When temperatures dropped below zero and its pipes burst on January 22, the Remake the World (RTW) Veteran Center in Washington Park shut down until it could repair the $4,000 worth of damage. Although the shelter is able to continue some services, such as connecting people to employment and housing opportunities, its hot meals program has been temporarily suspended. Last week, Student Government (SG) donated $1,500 out of its administrative budget, which is funded by the Student Life Fee, to the shelter to help with repairs. While SG’s actions show a laudable commitment to making meaningful connections to the South Side community and should be built upon, SG should invite more student body input and deliberation before using Student Life Fee funds for charitable purposes.
As members of the South Side community, the University and the student body both have a responsibility to engage with the community; SG’s donation is one way of doing that. SG President and fourth-year Michael McCown pointed out that donating to RTW is a mutually beneficial action for two reasons: First, it lays the foundations for future collaboration that will hopefully improve community-University relations; second, it makes the community a better place for everyone, students included, to live. In addition, SG determined that the contribution—which is only about 10 cents per student—was financially feasible based on projections for the rest of the year, according to second-year Tyler Kissinger, SG community and government liaison. The administrative budget, which includes airport shuttles, forum and meeting costs, and other fixed expenses, was $40,000 in total this year. Given the circumstances, $1,500 seems a small price to pay for something that has a direct, immediate benefit for the community.
However, even McCown recognizes that this is an “out-of-the-ordinary step” for SG. In order for charitable donations to be a feasible action for SG should similar circumstances arise in the future, an established process should be put in place. The expenditures from the administrative budget do not have to be approved by the SG Assembly or even by the cabinet, according to McCown. “The [executive slate] could have made a unilateral decision but it was something we chose to discuss with the cabinet because we were aware of the potentially controversial nature of donating money. After reaching consensus we proceeded,” he said in an e-mail. Because of that controversial nature, SG should mandate that the Assembly vote on donations so that the maximum number of student voices are heard. In the process of considering a donation, SG could also encourage students to come in and voice their suggestions or concerns. While College and Graduate Councils have representation on the cabinet, it is still a small group when compared with the entire SG Assembly, which contains representatives from every class.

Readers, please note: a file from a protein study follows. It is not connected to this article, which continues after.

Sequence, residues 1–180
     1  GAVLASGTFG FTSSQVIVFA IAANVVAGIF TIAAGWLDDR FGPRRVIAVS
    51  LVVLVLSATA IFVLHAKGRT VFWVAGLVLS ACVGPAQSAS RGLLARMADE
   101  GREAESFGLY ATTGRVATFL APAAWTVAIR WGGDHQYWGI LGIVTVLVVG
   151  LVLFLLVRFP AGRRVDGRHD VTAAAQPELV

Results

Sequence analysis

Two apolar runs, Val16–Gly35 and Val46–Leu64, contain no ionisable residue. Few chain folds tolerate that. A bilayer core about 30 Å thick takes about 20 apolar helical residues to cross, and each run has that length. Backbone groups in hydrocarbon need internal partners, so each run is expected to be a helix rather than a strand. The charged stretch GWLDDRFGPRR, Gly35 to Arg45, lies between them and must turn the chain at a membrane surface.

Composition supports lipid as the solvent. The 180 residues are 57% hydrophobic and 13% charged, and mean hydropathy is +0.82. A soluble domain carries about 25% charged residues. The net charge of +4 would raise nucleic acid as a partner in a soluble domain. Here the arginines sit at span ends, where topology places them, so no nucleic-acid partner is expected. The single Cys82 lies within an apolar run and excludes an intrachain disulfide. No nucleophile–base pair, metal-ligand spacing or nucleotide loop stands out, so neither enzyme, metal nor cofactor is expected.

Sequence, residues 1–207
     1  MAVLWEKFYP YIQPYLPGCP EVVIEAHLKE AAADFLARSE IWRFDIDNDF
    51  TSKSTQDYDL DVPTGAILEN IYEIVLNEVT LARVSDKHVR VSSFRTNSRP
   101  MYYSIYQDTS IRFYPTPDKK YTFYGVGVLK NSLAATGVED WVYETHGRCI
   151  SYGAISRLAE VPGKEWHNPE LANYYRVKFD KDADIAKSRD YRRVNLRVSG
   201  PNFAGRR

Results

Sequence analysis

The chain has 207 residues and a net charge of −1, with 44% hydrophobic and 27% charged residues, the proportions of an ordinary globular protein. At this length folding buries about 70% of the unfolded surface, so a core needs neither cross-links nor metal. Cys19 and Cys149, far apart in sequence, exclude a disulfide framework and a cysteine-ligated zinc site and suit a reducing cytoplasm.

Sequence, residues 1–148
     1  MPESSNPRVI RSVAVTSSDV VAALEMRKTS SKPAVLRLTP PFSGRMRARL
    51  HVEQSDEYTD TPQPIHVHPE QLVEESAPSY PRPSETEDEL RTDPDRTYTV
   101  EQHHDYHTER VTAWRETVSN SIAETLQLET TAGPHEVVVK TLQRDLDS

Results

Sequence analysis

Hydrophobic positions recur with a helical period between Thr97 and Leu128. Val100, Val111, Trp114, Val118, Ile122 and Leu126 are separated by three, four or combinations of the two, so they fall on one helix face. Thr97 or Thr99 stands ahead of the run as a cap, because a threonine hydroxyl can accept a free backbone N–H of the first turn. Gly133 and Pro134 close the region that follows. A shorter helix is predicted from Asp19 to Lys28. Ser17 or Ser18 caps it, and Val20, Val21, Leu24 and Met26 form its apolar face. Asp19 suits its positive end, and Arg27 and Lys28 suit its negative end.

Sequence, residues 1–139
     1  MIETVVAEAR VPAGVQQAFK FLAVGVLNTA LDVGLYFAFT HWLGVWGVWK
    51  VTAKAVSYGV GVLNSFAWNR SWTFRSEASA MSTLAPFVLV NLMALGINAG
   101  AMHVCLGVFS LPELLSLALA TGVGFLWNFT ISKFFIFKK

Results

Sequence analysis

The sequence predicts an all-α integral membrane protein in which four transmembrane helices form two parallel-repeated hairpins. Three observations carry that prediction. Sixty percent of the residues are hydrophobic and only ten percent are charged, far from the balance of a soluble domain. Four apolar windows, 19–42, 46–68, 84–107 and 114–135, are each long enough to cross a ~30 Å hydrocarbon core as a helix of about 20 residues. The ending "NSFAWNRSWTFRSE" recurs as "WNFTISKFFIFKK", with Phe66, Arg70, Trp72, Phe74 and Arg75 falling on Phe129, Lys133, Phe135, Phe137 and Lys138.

SG had not been hunting for a place to which it could donate—according to Kissinger, cabinet members saw RTW on the news and were spurred by the extreme weather to act. Because of the immediate nature of the problem, they did not want to wait a few weeks until the next SG Assembly meeting to initiate payment to the shelter. Even in cases where immediate action seems necessary, SG could send out alerts to the student body to let them know what is happening and why it is happening. Even in these cases, SG should formally codify its practice of reaching consensus among cabinet members before taking action.
SG’s donation to the Center is a commendable action, of which University students should be proud. But if SG wants to facilitate a larger, student body–wide engagement with the community, leaving the donation up to just the cabinet could result in the majority of students feeling shut out. A donation can only lead to meaningful interactions with the community if the student body as a whole understands its motivation. If SG wants students to support the community in this way, there need to be procedures in place that let them have a say in where their money is going and when.
The Editorial Board consists of the Editors-in-Chief and Viewpoints Editors.